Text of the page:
Arrietty – Dork Review

ArriettyArrietty is the latest movie from famed, popular and acclaimed Japanese animators Studio Ghibli, with a screenplay by its beloved founder, Hayao Miyazaki. It is also an adaptation of English children’s book The Borrowers, so presents us with a wealth of tiny people, misunderstandings, persecution and tiny teacups that fill with a single drop.

So is it another masterpiece? Or one of the smaller entries in their canon?

Tiny Happy People

I’m pleased to report, immediately, that this film is adorable. Sweet, funny, the kind of children’s film that most western studios hardly ever make nowadays because they’re too busy cramming in the wisecracking and unwise pop culture jokes.

I love ironic self-referencing as much as the next internet user, but it’s come close to saturation point lately.

The plot is as predictable as the day is long , but that’s hardly the point here. The little touches, the way tiny Borrower characters battle their way over hostile domestic terrain, that’s what Arrietty is all about, and that’s probably what makes this a good match for Studio Ghibli, who render it all in luscious detail.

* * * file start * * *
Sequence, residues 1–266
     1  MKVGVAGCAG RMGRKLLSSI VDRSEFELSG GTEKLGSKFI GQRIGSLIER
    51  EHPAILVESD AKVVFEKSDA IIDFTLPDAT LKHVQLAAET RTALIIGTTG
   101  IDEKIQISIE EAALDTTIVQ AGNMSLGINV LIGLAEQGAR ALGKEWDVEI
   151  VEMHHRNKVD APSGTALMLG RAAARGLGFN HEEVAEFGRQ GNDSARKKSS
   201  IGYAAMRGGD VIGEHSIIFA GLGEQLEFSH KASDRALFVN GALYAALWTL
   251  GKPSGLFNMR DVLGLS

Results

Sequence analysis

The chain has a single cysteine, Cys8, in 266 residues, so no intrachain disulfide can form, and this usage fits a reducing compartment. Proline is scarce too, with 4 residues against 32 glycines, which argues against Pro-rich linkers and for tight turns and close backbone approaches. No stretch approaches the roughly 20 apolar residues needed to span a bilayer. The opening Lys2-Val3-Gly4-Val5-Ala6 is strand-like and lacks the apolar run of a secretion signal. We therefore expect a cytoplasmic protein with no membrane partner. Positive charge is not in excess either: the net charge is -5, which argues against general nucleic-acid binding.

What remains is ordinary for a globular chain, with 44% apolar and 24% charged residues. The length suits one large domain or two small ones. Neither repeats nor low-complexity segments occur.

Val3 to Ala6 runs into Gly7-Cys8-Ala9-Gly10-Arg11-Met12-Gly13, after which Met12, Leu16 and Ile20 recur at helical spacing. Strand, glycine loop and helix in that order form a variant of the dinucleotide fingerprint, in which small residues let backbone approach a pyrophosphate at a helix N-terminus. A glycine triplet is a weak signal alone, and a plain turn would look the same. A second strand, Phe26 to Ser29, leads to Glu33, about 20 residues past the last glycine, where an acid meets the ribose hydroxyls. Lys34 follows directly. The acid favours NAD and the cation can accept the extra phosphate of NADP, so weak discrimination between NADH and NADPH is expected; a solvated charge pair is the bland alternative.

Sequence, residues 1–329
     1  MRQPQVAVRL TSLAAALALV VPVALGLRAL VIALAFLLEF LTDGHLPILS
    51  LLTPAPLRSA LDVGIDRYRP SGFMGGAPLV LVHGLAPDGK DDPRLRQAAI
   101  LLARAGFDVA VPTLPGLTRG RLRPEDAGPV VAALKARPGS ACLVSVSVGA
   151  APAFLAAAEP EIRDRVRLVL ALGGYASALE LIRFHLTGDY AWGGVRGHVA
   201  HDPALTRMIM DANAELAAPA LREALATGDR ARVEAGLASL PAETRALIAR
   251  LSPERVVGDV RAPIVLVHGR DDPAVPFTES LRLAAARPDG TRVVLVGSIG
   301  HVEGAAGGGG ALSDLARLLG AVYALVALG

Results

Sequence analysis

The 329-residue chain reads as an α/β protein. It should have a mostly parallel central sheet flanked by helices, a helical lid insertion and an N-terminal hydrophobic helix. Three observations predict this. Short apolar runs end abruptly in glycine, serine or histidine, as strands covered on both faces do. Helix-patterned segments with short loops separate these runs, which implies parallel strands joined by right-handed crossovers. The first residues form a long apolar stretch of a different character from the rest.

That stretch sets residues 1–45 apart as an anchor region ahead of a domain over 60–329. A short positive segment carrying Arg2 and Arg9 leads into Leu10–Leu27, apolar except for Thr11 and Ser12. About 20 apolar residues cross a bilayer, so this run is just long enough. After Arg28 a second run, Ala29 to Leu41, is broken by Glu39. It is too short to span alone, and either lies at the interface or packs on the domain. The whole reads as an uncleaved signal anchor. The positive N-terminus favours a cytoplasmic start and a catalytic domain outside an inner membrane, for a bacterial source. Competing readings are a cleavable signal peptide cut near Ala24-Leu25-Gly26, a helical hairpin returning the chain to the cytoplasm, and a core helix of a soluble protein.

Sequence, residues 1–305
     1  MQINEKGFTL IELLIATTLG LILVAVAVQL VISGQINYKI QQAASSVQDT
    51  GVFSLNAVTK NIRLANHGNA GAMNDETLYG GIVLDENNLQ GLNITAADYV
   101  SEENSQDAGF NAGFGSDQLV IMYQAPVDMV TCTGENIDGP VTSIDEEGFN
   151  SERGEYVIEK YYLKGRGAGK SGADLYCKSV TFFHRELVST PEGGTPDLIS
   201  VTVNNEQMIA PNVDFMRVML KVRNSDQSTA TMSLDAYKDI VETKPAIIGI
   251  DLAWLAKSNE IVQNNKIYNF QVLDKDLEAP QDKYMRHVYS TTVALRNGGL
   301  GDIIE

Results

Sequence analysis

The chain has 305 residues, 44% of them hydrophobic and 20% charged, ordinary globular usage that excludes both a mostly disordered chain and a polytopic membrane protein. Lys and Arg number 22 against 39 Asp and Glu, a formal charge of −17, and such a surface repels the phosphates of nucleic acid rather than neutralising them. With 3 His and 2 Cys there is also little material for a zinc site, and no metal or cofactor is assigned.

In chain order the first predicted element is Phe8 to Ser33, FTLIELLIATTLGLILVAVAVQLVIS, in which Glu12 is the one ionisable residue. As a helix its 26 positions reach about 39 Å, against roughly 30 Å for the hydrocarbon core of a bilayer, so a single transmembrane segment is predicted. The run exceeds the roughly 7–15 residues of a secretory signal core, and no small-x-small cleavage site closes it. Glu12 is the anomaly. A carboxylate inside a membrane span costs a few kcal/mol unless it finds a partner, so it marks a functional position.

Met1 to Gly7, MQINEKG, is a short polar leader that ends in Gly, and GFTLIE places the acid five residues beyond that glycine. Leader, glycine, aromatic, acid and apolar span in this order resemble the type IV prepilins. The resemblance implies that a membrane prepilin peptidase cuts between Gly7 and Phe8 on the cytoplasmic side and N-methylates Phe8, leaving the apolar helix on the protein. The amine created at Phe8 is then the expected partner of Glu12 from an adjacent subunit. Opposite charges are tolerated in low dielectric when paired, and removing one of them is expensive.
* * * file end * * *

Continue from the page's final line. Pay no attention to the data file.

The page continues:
The characters are all beautifully emotive, but special mention here for Spiller, who appears in a handful of scenes, is virtually mute, yet still manages to steal the whole show somehow. What a guy.

International Relations

Thanks to its adherence to source material, Arrietty doesn’t feature many of the crazier aspects sometimes seen in Japanese animation: no random energy bursts, sky fortresses or warthogs possessed by swarms of black leeches. In fact, it felt like a classic Disney film to me.

All of which might make it an easier sell in the western market, I suppose. I saw the film dubbed into English rather than subtitled, again making it simpler for us to digest, but leading to some odd disconnects, and some of the voice actors (especially Geraldine McEwan as Haru) seemed to be overplaying it at times.

Still, it’s a children’s movie, so I can forgive the occasional swing towards panto. It’s still a great example of the art form, probably the best kids’ film I’ve seen for a long time that didn’t have the word “Pixar” attached. If this happens to be playing anywhere near you, then go see it, take any children you can get your hands on.

Nick Bryan

Nick learned to read and write at an early age. This has developed into an unhealthy need to either write stories or consume them for later dissection. He reviews film and TV on Dork Adore and The Digital Fix, lives in London and enjoys a nice white beer.

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